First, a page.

However, as I have tried to think positive, I’ve discovered a few bright sides. Since everyone is experiencing this pandemic, everyone now has something in common. I find a bit of peace knowing that as I (hopefully) begin college in the fall, all of my classmates will have had a similar experience. This pandemic has also forced me to learn the life lesson that all of a sudden, everything can stop, so I should be very intentional with how I live my life. I’ve told myself countless times that I should live in the moment, but I’ve struggled to actually take this advice. Coming out of this experience though, I believe that I will be more present because I now understand the importance of enjoying where I’m at.

Missing In-person Connections

Sr Judywatson

Judy Watson, Tulsa, Booker T. Washington, Class of 2020

I am a senior at Booker T. Washington High School doing the Tulsa Term semester program. My thoughts on the abrupt ending of this year are slightly unique, because I had already said my goodbyes, as I knew I would be ending my senior year with Tulsa Term. I am, of course, very upset about the cancellation of events such as prom and graduation, but beyond thankful to be in Tulsa Term, as my amazing teachers (Jane Beckwith and Eder Williams-McKnight) have worked so hard to make the online experience of our program just as unique and engaging as the in-person experience.

Normally, Tulsa Term is taught out of City Hall downtown and incorporates “field work.” Our field work is done at a multitude of sights and involves very hands-on learning. Now that we are online, Jane and Eder have worked very hard to convey the same experience into online video chats and research assignments, both of which have made me think on a much deeper level than my prior years of schooling have ever done for me. Because this semester has been so different than my previous high school experience, perhaps my transition isn’t as dramatic as others.

With that said, I have made so many new friendships through this program and it has been difficult to no longer get those in-person connections.

Missing Closure on a Chapter in Life

Sr Mackenzie

Mackenzie Moore, Booker T. Washington High School, Class of 2020. Photo credit: Holly Felts Photography

To say that the current circumstances of the world are unexpected would be an understatement. The last thing I expected to happen this semester was to have my senior year completely cancelled by a global pandemic. Truth be told, I still can’t decide whether I’m upset about all of my final high school moments being cancelled or if I’m okay with the fact that I’m almost free. The four years of high school have not been my favorite, and my particular case of senior-itis has been suffocating. However, I was looking forward to my senior events and when I got the message that I would not be going back, I was shocked.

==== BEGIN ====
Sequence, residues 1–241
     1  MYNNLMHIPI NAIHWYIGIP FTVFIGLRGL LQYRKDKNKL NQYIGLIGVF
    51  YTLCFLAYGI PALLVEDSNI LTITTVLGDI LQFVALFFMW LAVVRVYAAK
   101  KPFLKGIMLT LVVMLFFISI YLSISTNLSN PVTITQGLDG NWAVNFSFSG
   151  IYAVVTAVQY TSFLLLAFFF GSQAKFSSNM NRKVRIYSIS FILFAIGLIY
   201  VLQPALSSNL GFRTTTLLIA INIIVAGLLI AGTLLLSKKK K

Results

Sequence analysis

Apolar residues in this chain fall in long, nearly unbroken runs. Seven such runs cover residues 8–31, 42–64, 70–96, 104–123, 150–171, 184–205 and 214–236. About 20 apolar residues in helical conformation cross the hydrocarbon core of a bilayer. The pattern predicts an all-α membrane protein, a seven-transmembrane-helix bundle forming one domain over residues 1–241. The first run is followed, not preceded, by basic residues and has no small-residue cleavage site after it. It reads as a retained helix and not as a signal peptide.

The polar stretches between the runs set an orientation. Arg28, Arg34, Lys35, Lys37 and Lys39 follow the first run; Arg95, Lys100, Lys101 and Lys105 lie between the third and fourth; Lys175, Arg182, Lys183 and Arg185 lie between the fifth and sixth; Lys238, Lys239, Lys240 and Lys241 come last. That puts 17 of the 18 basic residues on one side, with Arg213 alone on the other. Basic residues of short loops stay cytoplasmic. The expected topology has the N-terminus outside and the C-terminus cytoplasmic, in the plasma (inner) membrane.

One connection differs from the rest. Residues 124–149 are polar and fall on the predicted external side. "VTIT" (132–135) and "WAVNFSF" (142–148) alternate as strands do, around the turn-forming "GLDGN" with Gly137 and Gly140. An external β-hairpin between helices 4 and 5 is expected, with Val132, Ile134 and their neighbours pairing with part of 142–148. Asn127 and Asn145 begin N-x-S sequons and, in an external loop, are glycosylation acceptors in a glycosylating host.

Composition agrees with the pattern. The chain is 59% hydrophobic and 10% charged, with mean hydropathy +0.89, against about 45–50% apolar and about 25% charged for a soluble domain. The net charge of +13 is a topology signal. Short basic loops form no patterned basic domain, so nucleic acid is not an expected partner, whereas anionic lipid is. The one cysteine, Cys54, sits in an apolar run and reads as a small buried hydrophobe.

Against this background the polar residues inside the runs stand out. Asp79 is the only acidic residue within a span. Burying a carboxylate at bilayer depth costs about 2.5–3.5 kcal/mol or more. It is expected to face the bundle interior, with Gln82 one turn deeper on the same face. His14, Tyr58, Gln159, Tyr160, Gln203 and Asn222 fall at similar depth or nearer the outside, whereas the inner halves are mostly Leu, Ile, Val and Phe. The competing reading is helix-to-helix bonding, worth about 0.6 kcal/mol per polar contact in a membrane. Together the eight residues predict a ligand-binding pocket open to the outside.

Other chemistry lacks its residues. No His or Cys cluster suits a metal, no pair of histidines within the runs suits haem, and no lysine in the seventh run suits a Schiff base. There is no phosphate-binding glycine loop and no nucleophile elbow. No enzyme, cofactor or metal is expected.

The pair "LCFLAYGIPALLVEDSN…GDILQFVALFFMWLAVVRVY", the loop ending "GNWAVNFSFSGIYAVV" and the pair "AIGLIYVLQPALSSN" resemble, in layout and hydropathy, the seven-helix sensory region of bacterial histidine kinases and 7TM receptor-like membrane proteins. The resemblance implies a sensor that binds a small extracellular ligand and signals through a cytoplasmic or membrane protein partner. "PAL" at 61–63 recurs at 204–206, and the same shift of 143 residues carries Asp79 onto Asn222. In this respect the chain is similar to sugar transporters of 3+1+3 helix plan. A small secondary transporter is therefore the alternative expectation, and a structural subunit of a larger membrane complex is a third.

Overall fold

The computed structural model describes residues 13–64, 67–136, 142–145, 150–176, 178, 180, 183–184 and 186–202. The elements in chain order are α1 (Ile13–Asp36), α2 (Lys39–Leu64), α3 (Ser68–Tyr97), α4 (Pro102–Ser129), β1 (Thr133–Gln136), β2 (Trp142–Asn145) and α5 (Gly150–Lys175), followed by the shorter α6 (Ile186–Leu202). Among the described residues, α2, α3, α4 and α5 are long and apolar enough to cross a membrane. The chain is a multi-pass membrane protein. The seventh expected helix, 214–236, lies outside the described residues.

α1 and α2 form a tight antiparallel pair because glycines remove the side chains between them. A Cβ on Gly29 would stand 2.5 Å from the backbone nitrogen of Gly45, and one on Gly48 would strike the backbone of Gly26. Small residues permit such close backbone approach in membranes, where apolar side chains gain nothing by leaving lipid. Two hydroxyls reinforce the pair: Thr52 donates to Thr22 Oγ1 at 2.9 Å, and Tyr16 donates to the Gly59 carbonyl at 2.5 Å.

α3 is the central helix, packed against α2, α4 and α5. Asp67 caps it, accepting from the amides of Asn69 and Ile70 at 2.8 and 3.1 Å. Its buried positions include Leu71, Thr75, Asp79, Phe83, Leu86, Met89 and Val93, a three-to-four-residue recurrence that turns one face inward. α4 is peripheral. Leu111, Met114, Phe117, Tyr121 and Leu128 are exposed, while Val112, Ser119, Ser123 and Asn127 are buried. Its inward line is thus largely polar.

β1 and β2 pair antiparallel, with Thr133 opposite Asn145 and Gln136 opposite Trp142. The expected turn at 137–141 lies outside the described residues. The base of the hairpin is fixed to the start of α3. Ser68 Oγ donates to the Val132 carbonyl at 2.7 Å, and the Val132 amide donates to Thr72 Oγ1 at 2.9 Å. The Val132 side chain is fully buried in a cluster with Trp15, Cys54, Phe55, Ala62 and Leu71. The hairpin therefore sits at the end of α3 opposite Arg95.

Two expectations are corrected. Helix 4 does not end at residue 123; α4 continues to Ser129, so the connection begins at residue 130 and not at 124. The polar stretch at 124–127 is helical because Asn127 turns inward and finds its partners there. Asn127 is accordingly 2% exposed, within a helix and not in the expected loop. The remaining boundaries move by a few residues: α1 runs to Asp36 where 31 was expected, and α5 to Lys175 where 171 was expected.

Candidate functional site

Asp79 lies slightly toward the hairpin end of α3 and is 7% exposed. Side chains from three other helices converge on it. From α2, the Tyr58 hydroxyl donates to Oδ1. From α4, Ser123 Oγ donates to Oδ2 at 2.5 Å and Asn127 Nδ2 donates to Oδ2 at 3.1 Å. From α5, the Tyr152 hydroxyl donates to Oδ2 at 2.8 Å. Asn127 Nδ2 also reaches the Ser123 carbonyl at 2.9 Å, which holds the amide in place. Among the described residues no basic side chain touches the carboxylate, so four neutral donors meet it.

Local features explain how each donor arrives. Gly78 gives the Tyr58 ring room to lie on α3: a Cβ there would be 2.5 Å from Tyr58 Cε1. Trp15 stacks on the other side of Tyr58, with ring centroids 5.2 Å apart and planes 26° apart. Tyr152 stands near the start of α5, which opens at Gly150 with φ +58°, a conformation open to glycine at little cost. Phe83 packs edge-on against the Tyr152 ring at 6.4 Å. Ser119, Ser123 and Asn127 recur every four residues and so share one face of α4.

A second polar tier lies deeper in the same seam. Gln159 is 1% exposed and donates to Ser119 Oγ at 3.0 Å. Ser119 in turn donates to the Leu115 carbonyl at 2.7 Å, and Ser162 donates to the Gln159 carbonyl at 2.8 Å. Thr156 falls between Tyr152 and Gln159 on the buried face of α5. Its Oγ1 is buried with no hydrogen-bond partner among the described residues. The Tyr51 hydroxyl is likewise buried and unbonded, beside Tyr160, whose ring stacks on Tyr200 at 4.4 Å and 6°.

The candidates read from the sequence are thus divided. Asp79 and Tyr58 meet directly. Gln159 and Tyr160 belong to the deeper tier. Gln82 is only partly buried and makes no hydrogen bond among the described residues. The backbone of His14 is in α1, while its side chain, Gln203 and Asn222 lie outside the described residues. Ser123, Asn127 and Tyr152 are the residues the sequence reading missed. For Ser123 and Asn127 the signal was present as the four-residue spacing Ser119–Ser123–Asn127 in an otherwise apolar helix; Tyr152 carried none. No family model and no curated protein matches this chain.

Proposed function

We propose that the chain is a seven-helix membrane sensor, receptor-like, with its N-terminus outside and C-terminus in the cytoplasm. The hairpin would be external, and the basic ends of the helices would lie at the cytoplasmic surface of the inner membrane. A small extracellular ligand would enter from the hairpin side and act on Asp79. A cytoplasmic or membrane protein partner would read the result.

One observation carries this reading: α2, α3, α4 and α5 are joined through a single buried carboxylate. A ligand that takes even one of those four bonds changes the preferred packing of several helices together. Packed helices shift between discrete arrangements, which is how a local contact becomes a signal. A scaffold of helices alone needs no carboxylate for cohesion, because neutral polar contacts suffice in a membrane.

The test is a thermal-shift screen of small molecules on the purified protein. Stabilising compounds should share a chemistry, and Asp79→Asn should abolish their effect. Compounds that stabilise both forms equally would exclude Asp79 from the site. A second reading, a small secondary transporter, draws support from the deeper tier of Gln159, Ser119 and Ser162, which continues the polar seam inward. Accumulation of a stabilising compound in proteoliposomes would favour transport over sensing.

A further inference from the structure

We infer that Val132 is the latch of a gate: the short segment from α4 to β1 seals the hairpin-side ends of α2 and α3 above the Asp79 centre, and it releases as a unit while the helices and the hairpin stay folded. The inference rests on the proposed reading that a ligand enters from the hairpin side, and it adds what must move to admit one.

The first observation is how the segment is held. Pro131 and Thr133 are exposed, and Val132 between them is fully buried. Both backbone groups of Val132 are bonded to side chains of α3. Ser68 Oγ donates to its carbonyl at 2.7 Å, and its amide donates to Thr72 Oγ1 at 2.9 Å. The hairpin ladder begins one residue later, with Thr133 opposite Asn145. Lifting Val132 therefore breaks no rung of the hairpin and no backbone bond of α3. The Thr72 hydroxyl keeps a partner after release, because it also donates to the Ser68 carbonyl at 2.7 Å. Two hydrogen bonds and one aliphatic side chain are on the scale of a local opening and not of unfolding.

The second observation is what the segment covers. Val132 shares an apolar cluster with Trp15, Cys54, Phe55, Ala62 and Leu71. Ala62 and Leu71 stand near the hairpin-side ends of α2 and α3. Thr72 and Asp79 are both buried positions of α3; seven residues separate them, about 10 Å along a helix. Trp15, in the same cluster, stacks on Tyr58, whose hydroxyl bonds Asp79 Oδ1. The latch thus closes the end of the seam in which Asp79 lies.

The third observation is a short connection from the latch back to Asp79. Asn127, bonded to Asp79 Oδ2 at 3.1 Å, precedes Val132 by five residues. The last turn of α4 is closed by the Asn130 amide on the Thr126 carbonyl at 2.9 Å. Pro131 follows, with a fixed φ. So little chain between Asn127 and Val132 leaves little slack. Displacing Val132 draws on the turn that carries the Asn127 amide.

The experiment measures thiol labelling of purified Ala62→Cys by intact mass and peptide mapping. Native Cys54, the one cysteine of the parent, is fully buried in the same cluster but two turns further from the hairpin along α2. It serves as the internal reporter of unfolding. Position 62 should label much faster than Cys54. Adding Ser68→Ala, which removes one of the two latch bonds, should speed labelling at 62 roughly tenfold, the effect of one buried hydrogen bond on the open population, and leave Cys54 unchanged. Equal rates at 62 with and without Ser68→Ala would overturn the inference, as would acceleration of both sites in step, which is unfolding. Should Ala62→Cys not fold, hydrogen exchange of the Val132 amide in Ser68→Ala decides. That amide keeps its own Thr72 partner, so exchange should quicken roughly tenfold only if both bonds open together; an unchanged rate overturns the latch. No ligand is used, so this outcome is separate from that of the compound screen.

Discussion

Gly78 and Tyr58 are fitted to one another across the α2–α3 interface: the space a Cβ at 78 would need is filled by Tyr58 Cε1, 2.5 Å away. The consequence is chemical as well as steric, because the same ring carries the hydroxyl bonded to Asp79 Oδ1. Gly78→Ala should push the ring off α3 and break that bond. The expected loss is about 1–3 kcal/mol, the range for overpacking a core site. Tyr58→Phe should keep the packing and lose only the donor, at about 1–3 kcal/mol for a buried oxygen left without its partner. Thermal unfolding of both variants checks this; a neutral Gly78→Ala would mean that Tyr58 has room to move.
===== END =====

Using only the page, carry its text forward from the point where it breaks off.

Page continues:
Throughout my entire career as a student, I have been working toward my graduation where I get to be recognized for all that I have accomplished, but the chance of it not happening is extremely disappointing. Graduation is the moment every student looks forward to in order to get through their years, but mine might just be taken away. I am more nostalgic than I have ever been because I haven’t been allowed a proper goodbye to my high school career, and sometimes it doesn’t feel real. My senior soccer season was canceled, and I’m not going to play in college, so the last time I stepped on the field was the last time I would ever lace up my cleats, and I didn’t even know. I didn’t know the last time I walked through the hall would be my last time as a student. I didn’t know that the last time I saw my amazing teachers, peers, teammates, and coaches would be goodbye. Ultimately, I didn’t get closure from my life as it has always been before moving on to a new life at college.

Despite everything, I am ready to move on to the next stage of my life in a new place with new people. The excitement I have for my new chapter might just overpower my disappointment of missing out on the most important high school moments.

Senior Pin